Last Updated: September 16, 2016

At this point everyone has a so-called "smart TV." But how smart are they really? Can they help us control devices in our home? Monitor the temperature or alert us if someone is there that shouldn't be?

Experts believe our TV is set to morph into the single most important device in our home. Moreover? These wall-sized pieces of hardware are going to borrow from the device we can't live without: our phone.

"Very soon, your TV will start like a smartphone, with a screen filled with apps," says Dr. Jüergen Boyny, global director of consumer electronics at research firm GfK.

Already, 47 percent of consumers have access to a TV with smart features such as web browsers, according to GfK's Tech Trends 2016, a survey the firm did of consumers across 15 industrial countries in January 2016.

Currently, 38 percent of consumers connect their TVs to the Internet using another device, says GfK. By 2018, GfK says a billion TVs around the world will be connected to the Internet, and there will be two billion connected TV devices.

Ditch the hub?

Maybe you don't want your TV screen to be filled with apps. A smarter TV, though, may help eliminate one of the more annoying attributes of your smart home set-up: the separate smart hub.

Not only will smarter TVs—with Wi-Fi/Ethernet connectivity and hefty processing—transform into your smart home hub, eliminating the annoying separate box, they'll also complement or replace your smartphone or tablet for control and monitoring. If you hear a suspicious noise, for instance, you can switch from watching "Game of Thrones" to watching the feed from your Wi-Fi security cameras.

This TV-as-hub evolution has already begun, albeit slowly. So far just two TV makers have figured out the smart TV/smart home hub connection. Which ones? We're going to tell you.

Samsung's SmartThings

Our first pick for a smart TV/smart hub maker is Samsung's 2016 line. All of the smart 4K TVs the company has released this year work with the SmartThings smart home system, which Samsung bought two years ago, as well as select smart ZigBee and Z-Wave gizmos: up to 200 smart home devices in all.

SmartThings access is incorporated into the Samsung TV operating system, easily accessible from an on-screen horizontal scrolling menu along with access to your other connected TV devices such as game consoles and Blu-ray players and frequently accessed smart TV apps such as Netflix. This smart TV SmartThings access includes being able to view live footage from SmartThings security cameras, as well as control over locks, lights, thermostats, et al, all via the TV's remote control.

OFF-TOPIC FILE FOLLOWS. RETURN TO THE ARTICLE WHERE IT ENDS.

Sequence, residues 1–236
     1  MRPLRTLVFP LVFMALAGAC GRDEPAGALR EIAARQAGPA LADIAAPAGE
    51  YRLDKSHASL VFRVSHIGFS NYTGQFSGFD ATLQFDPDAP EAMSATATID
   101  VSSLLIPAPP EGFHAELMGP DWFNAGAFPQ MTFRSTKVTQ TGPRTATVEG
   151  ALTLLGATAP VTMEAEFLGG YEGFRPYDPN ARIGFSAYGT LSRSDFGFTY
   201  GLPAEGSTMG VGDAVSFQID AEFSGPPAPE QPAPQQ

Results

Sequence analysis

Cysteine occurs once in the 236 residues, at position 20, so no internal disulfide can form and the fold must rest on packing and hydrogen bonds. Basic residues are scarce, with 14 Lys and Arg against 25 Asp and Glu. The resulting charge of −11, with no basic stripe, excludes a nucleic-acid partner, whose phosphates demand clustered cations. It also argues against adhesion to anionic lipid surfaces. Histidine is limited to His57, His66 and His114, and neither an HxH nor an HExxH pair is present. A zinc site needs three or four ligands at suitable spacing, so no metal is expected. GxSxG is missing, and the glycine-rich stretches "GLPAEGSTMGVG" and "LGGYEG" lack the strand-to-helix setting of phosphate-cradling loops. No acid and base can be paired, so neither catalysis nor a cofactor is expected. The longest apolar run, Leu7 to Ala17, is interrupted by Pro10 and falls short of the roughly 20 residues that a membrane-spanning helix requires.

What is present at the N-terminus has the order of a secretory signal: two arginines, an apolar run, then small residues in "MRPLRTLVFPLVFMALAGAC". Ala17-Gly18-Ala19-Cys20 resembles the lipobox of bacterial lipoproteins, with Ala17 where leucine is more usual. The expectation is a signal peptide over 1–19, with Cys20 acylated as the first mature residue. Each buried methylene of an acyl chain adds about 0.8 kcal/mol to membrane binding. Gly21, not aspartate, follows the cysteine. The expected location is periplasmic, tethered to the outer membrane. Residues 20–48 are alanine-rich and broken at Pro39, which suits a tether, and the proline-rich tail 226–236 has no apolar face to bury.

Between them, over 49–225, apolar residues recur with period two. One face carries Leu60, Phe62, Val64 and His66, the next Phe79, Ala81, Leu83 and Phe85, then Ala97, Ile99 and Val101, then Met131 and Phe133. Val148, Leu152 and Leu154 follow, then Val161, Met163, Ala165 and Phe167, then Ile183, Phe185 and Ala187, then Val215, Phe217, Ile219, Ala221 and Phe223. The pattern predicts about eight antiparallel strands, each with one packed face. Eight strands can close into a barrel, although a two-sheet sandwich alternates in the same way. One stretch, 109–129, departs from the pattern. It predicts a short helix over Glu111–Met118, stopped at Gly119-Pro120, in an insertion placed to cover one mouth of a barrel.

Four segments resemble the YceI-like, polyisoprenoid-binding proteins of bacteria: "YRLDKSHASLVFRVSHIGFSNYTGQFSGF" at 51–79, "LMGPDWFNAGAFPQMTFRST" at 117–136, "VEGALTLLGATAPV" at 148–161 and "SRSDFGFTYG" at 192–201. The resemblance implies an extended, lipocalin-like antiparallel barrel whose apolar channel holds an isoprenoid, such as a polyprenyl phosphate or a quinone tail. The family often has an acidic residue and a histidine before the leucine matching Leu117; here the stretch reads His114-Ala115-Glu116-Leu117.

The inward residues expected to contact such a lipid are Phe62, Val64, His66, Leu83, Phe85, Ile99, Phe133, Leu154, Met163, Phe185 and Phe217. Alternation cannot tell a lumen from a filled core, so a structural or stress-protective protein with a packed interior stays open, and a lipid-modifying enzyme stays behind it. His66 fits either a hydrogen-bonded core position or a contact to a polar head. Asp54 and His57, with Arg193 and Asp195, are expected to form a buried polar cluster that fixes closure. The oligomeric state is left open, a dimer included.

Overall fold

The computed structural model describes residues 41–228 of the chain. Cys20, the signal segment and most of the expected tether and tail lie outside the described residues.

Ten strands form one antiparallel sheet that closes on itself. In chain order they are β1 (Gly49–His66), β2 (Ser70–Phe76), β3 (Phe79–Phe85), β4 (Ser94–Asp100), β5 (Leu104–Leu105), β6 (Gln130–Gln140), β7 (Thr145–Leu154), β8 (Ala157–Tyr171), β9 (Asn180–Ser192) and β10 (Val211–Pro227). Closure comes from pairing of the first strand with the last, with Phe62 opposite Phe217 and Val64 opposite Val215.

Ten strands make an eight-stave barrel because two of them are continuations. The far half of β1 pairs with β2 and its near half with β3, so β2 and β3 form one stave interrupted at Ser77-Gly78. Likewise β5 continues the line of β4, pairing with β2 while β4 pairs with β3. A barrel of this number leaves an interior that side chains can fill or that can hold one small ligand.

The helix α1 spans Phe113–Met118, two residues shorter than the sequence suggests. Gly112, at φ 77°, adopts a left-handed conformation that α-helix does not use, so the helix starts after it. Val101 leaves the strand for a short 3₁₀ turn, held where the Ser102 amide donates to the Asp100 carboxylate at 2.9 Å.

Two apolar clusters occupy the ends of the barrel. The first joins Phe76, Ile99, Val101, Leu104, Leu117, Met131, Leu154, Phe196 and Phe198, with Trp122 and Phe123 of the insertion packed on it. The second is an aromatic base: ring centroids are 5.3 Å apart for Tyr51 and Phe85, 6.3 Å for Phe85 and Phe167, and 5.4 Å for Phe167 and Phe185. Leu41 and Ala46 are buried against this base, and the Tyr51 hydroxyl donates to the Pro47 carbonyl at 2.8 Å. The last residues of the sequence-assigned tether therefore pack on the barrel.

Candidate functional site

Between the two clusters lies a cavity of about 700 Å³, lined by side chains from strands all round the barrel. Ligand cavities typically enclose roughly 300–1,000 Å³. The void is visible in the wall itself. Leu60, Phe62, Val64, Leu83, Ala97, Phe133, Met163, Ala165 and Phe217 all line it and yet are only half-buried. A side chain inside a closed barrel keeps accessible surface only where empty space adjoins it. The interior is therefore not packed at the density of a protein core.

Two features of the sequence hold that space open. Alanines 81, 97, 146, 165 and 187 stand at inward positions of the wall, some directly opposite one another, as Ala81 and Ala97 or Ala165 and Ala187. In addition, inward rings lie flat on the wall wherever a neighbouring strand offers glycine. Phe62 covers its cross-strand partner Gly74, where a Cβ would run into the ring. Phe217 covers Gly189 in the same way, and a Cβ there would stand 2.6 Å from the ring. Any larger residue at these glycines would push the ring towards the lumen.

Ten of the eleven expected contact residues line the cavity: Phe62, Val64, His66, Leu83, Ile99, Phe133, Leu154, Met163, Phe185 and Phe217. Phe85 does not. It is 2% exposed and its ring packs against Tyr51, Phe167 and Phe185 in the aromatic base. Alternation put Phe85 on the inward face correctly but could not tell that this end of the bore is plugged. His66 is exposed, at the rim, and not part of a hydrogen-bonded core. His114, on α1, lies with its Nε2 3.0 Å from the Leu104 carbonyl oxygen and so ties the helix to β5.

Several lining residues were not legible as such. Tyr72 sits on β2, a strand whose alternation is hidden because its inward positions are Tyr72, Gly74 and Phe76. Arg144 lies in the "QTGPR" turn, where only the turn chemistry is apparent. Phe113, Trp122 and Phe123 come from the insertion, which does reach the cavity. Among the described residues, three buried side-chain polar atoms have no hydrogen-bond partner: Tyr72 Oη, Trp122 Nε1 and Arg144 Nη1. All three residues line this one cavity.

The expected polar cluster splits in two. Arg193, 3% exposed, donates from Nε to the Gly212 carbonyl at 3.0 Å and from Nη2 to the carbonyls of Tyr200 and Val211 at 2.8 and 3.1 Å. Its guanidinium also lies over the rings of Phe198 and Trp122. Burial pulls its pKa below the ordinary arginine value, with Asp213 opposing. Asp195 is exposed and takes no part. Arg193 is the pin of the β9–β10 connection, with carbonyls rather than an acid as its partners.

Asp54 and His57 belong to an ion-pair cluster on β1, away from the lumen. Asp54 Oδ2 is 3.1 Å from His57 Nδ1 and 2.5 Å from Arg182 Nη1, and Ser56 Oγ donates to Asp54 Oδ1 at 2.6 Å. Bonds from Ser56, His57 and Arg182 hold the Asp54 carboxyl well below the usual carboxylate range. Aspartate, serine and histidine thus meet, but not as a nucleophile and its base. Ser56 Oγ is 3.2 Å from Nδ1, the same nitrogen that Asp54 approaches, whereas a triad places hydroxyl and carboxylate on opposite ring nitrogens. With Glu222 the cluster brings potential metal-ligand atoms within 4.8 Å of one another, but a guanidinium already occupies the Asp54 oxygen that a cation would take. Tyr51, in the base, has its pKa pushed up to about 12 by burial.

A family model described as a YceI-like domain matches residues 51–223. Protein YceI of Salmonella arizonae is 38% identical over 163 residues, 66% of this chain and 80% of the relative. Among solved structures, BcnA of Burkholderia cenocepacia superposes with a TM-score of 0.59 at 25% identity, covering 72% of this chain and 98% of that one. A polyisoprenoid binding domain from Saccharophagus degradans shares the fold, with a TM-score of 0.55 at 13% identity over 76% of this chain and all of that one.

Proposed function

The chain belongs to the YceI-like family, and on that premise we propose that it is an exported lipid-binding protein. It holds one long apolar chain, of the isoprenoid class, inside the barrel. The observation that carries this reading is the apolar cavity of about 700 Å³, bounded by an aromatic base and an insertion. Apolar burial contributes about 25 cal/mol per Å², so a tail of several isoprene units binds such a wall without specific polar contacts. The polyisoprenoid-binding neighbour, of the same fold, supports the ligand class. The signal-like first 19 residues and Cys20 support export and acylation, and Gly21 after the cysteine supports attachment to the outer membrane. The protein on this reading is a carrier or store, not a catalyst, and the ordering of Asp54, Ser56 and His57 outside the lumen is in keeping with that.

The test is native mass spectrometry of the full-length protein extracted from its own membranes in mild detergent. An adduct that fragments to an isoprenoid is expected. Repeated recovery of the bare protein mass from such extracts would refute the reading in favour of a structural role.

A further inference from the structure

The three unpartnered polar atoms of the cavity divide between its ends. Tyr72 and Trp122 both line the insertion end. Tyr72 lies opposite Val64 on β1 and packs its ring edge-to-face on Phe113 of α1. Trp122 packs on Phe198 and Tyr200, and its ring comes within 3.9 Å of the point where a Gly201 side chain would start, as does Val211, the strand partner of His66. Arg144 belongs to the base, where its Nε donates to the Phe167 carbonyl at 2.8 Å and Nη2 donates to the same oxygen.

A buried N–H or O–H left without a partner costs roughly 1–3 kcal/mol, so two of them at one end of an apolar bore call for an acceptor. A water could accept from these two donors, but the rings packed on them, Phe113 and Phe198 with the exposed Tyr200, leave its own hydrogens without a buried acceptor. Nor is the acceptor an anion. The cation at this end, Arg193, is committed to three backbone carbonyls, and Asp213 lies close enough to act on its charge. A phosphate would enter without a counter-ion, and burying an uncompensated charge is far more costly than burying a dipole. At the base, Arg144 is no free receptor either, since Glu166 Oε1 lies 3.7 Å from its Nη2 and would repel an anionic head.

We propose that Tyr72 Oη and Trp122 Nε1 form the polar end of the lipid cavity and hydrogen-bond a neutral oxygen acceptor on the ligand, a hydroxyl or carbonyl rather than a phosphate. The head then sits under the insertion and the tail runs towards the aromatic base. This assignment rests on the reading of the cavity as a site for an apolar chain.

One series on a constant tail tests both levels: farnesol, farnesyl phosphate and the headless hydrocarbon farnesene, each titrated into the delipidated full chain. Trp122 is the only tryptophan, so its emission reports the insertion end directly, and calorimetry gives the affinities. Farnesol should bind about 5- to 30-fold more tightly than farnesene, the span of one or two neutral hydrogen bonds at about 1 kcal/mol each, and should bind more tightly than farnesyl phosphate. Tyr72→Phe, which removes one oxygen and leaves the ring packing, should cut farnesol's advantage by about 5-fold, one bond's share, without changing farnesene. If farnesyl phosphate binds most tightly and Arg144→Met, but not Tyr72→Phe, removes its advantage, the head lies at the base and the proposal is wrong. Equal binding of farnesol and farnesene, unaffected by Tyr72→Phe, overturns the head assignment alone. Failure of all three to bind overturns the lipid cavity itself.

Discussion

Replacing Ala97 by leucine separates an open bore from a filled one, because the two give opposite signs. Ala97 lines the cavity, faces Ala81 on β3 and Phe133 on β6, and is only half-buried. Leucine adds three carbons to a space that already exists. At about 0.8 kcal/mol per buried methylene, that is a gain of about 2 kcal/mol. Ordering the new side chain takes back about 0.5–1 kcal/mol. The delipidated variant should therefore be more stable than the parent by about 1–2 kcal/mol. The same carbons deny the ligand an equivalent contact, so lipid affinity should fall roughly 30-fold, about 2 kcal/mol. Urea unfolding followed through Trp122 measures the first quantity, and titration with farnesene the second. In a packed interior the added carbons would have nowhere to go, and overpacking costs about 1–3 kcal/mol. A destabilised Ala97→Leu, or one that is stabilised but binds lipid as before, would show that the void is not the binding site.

One problem: the SmartThings access isn't actually built into the TV sets. You need to first plug in something called a SmartThings Extend USB stick to imbue the set with the necessary SmartThings smarts. Fortunately, Samsung is supplying the Extend stick for free.

Samsung is smart enough to know an add-in stick, regardless of its smartness, is a silly solution. Samsung's plan is to eliminate the need for the extra stick in next year's models, or perhaps when next generation sets appear later this year, to make its TVs truly smart home smart all by themselves.

If you need help setting up any of these smart home systems, you can visit HomeAdvisor.com to find a local trusted professional.

Will Samsung SmartThings control your smart home devices?

LG's smartThinQ

Next up? Samsung's Korean bête noire, LG. The company is sniffing around a similar smart home/smart TV solution under the embarrassingly similar smartThinQ name. I was told "smartThinQ" is pronounced "smart thin cue" rather than "smart think," but it's doubtful anyone will be convinced or care.

Like SmartThings, smartThinQ will connect to a wide variety of devices from a variety of smart home ecosystems and protocols including ZigBee, Z-Wave, Nest and AllJoyn.

Secondary to the usual smart home gear, LG is concentrating smartThinQ's smart TV control to the company's smart appliances—refrigerators, washers/dryers, air conditioners and robot vacuums.

smartThinQ isn't as far along as SmartThings, however, or as easily adoptable. You not only have to buy expensive new smart LG appliances, but the TV control capability is only available through the company's WebOS smart TV operating system on the company's new 2016 Signature 4K OLEDs, of which there is only one—the 65-inch OLED65G6P ($8,000). A second 77-inch Signature 4K OLED with WebOS 3.0 is due "soon" at an unannounced but likely "if you have to ask, you can't afford it" price.

Presumably, LG will expand WebOS 3.0's available to more reasonably-priced models.

If you need help setting up any of these smart home systems, you can visit HomeAdvisor.com to find a local trusted professional.

LG smartThinQ will link a variety of smart items in your home.

Sage by Hughes

Last but not least, is a far more egalitarian smart home TV system: Sage by Hughes. Sage gives you control over its smart home devices from any TV you own, smart or not, connected or not.

How does Sage work? Read GearBrain's extensive Sage report here.

Which concept will catch on? Smart TVs with built-in smart home hub/control capabilities or plain TVs with add-on smart home control? Given the rising sales of smart TVs, likely the former, and likely from a lot more TV makers.

Either way, your TV is about to extend its hold over your home in a far more useful way.

Click here to buy Samsung SmartThings Hub, 2nd generation.

If you need help setting up any of these smart home systems, you can visit HomeAdvisor.com to find a local trusted professional.